TeamSTEPPS reflects the dynamics that can occur when teams consist of physicians, nurses, and technicians. The initiative focuses on gaining the support of both physicians and nurses to enhance teamwork. To support this goal, one of the two trainers for the program should be a physician or nonphysician medical provider.
- Clearly define the need.
- Planning, Training, and Implementation
- Plan to sustain the effort.
- Train individuals.
- Implement and test the strategies.
- Integrate into daily practice.
- Monitor and measure programs.
A TeamSTEPPS Initiative occurs in three continuous phases.
Phase I—Assessment (Set the Stage)
This phase determines our organizational readiness for the initiative.
- Create a change team (the leaders and key staff who will drive the initiative).
- Identify a specific opportunity for improvement that could be accomplished through better teamwork.
- Formulate a vision for the initiative.
- Use site assessment tools to determine if the necessary leadership support, information base, and resources are in place.
[Note: It is important to identify a specific opportunity for implementing TeamSTEPPS (i.e., a problem to fix).]
Phase II—Planning, Training, and Implementation (Decide What To Do and Make It Happen)
This phase is where planning and execution take place.
- Develop an Action Plan specifying what will be done during the initiative (based on guidance from the TeamSTEPPS Implementation Guide).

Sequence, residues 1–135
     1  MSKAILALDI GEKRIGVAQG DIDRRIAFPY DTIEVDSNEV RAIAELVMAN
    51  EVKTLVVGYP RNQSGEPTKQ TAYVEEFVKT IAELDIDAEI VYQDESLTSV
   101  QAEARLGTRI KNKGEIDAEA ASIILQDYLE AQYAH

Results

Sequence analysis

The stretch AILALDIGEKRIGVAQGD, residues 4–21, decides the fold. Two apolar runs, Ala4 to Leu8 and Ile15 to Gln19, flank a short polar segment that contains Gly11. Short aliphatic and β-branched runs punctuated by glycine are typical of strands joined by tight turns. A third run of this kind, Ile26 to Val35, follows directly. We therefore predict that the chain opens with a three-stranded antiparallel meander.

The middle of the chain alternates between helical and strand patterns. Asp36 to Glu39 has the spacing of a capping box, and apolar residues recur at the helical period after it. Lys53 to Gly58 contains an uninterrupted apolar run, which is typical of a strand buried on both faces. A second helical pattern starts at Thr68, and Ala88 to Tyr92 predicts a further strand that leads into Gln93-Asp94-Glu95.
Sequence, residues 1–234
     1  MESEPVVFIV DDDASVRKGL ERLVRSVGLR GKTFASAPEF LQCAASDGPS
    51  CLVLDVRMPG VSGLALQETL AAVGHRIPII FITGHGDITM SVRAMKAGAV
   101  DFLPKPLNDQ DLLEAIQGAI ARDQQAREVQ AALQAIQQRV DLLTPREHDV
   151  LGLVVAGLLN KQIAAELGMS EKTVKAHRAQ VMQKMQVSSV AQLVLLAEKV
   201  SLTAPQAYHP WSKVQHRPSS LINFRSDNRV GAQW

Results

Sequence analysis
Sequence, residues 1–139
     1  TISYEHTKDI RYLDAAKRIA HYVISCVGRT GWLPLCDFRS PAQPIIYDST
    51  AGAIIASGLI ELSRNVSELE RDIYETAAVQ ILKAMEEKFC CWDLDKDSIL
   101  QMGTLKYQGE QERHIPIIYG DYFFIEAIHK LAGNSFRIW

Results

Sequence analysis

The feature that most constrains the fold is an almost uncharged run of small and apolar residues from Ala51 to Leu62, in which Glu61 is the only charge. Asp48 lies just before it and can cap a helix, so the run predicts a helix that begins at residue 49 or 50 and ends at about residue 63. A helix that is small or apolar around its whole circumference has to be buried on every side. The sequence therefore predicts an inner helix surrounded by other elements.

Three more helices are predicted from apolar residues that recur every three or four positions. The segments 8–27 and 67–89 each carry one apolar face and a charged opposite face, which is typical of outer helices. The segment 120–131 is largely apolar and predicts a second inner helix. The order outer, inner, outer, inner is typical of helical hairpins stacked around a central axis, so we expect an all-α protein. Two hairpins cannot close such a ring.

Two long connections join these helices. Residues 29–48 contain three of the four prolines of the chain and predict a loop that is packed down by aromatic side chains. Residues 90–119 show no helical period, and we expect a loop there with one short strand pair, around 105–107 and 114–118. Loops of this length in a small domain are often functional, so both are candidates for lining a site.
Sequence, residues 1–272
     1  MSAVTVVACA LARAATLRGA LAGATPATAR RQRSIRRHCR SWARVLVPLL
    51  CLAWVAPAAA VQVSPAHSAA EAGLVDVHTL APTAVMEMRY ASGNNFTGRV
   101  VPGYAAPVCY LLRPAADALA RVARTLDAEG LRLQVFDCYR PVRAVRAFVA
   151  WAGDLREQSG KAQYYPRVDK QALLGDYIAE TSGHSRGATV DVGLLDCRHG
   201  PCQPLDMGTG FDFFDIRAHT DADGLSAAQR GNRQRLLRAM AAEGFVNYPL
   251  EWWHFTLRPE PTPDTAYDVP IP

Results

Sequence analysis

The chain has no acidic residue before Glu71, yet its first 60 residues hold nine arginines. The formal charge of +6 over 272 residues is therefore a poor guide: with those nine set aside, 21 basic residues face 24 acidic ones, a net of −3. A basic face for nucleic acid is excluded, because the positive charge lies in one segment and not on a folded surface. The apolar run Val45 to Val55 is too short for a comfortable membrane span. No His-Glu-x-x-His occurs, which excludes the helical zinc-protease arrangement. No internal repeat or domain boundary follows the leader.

- Conduct training, implement the tools and strategies selected, and test the intervention.
Phase III—Sustainment (Make It Stick)
This phase is designed to sustain and spread the improvements in teamwork performance, clinical processes, and outcomes throughout the organization.
- Help users integrate teamwork skills and tools into their daily practice.
- Monitor and measure the program’s ongoing effectiveness.
- Develop an approach for continuous improvement and spread the imitative throughout the unit or organization.
TeamSTEPPS is an initiative designed to change how our teams work together on an ongoing basis. It’s not just about the training but about providing sufficient time for teams to continue to practice the teamwork tools and strategies in their daily work. For example, its important to have a change agent who leads periodic meetings for a few months after the training to discuss how the team is performing and using the tools.
- Clearly define the need.
- Focus on enhancing teamwork and establishing a teamwork and safety culture.
- Get support from senior leadership.
- Allocate sufficient resources:
- Measure success.